It has been alleged by the Daily Express & Mail rise comes despite overall fall in crime recorded over past five years.
Rural police see biggest increase in foreigner nationals arrested
The number of foreign nationals arrested in Britain has almost doubled in just three years, police figures show.
And the biggest rises are among rural forces, such as Kent and Cambridgeshire.
In the worst-affected rural areas, arrests of non-Britons have soared nearly four-fold since 2006.
A total of 91,234 foreign nationals were arrested last year on suspicion of crimes including murder, burglary and sex offences. In contrast, the figure for 2008 was 51,899 and 81,625 in 2009.
And the true number is likely to be much higher, as only 19 out of the 52 police forces provided the figures, in response to Freedom of Information requests.
For the country’s biggest force, the Metropolitan Police, foreign-national arrests more than doubled. Scotland Yard recorded 24,264 in 2008, but last year the total reached 58,870.
Critics blame surging migration for placing a huge burden on forces, which are already facing cuts.
Peter Smyth, chairman of the Metropolitan Police Federation, said: ‘I’m not surprised it’s so high because London is getting more diverse by the day.
‘It’s a problem when you get someone in who can’t speak English and we wait hours for an expensive interpreter to hear their side of the story. Even in trivial cases where you might be giving a caution, officers could be off the street for five or six hours.’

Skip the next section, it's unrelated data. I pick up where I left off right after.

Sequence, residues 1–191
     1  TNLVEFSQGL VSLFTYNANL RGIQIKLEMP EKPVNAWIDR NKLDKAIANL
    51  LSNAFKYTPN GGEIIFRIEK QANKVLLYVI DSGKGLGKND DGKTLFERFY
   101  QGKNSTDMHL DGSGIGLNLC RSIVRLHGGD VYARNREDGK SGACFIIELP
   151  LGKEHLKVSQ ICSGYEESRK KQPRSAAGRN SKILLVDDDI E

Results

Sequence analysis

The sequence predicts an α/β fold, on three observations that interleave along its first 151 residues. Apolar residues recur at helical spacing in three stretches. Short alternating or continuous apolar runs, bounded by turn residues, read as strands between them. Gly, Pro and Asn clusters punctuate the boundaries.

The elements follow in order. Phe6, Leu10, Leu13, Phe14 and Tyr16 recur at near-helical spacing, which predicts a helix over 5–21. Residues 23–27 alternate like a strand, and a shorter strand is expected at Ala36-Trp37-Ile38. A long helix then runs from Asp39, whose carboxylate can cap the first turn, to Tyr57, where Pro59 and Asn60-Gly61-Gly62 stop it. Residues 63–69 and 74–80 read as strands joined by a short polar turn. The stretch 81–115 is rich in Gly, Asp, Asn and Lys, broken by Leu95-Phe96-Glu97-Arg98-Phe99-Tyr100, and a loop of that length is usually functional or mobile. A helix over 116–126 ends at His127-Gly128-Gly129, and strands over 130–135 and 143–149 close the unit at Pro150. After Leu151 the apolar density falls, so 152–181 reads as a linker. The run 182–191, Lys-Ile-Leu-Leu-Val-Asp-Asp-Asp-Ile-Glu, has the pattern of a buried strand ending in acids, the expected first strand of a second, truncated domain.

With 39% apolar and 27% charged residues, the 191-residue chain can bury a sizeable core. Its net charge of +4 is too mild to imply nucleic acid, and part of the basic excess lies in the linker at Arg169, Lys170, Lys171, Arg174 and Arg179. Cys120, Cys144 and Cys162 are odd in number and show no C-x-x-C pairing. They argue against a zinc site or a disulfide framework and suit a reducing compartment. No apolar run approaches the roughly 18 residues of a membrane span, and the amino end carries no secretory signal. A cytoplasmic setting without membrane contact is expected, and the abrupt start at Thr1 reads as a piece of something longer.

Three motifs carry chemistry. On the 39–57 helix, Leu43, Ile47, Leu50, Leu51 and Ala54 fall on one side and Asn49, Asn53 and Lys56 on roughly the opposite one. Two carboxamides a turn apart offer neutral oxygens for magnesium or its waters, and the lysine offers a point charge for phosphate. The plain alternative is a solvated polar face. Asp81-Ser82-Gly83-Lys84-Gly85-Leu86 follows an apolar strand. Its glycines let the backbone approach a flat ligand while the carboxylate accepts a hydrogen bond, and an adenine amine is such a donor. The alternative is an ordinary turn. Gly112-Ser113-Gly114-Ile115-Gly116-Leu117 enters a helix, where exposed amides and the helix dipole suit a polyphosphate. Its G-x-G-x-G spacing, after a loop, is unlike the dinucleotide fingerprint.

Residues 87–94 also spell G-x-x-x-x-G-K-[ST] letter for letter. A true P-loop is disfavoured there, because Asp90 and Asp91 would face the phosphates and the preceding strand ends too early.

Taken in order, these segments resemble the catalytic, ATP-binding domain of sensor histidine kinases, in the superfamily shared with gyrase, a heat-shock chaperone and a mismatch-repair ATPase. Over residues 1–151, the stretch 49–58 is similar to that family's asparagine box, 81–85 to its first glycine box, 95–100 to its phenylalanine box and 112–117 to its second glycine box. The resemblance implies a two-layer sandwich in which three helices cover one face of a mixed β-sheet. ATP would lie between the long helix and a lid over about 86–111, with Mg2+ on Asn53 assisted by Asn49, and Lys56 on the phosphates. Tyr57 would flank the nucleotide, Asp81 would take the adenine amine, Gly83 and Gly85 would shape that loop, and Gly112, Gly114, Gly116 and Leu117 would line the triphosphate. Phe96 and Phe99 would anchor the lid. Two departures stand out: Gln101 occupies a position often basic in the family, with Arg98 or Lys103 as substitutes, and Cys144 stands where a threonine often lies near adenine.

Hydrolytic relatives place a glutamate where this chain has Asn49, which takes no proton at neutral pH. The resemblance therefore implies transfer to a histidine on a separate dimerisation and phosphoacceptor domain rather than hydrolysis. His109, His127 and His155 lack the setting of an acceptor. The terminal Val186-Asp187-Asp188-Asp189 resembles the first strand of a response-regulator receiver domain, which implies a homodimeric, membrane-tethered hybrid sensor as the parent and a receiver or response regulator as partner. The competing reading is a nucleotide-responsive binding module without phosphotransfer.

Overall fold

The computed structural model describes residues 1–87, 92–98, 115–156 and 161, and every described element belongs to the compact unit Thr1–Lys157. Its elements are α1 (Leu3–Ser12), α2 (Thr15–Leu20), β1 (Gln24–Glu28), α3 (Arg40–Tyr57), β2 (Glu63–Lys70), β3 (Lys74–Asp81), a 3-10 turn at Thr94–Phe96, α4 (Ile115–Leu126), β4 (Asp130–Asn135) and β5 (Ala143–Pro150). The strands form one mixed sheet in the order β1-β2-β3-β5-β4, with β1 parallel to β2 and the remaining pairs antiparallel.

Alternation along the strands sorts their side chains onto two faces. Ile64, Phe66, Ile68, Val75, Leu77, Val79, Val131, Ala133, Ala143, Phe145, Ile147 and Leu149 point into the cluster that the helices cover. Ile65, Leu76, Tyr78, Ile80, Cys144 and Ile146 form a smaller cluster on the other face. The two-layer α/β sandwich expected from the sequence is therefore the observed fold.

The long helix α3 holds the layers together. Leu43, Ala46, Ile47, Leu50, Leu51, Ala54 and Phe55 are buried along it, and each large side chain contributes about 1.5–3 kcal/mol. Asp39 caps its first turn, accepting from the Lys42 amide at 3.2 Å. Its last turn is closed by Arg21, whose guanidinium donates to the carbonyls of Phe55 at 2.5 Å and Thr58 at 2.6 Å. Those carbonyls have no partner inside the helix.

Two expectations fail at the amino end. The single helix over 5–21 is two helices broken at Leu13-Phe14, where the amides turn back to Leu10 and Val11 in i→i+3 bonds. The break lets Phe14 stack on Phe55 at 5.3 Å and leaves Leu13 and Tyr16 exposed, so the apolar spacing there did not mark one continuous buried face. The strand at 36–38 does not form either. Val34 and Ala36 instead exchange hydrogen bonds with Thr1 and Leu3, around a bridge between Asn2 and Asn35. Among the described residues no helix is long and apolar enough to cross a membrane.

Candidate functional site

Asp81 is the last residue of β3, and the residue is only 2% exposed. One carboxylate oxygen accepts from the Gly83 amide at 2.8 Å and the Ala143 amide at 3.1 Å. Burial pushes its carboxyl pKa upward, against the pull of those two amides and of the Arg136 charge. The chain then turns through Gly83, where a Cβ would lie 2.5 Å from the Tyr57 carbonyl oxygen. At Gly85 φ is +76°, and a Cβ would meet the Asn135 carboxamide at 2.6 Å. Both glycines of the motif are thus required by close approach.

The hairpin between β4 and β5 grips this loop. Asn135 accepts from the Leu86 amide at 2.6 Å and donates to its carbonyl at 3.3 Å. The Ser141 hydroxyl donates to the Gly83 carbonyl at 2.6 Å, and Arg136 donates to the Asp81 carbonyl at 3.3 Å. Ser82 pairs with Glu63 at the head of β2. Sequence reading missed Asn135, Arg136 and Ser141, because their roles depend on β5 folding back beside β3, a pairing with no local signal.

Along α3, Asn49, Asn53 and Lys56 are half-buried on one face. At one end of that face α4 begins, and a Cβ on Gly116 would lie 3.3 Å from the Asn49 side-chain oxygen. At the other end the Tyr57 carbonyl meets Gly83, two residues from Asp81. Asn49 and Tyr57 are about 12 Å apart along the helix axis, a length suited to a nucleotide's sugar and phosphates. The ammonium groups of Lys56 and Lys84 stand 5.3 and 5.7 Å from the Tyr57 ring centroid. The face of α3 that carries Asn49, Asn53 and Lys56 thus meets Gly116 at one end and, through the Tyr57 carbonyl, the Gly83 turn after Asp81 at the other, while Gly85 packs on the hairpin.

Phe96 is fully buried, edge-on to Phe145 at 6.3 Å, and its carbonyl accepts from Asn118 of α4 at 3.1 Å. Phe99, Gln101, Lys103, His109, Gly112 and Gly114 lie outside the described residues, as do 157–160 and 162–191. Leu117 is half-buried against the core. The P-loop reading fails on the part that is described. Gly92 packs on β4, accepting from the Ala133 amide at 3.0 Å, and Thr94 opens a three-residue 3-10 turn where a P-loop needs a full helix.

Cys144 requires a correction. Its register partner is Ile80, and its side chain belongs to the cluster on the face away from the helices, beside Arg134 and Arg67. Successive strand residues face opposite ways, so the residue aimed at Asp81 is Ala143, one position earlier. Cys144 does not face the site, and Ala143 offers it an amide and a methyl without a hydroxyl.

Kent Police saw arrests rise from 1,075 in 2006 to 4,119 last year. Surrey Police recorded arrests going up from 1,959 in 2006 to 2,079 last year.
For Cambridgeshire Constabulary, these types of arrests rose from 3,316 in 2008 to 4,803 in 2010. In 2007 it made just 1,850. Durham Constabulary saw arrests rise from 65 in 2006 to 474 last year.
The rise comes despite an overall fall in crime recorded during the past five years.
In January 2008, Mike Fuller, then chief constable of Kent, warned that his force was struggling with an ‘immigrant crimewave’. He said surges in migrant numbers had contributed to sharp increases in violent crime.
An Association of Chief Police Officers spokesman said: ‘The growing number of new communities has certainly brought greater complexity to the pattern of crime and have contributed to already stretched resources.’
Hugh Robertson, Conservative MP for Mid Kent, said: ‘These figures are deeply concerning. Immigration is a key issue that many people in my constituency speak to me about and it’s a very emotive subject. It may be that the rise in arrests is linked to the mass increase in immigration but it’s hard to say for sure.’
Official figures show 5,235 foreign national prisoners were deported last year.
Nearly one in seven of the 85,000 inmates in England and Wales was born overseas.
A Home Office spokesman said: ‘When people commit a crime they should feel the full force of the law regardless of their nationality. We are committed to removing foreign law breakers from the UK.’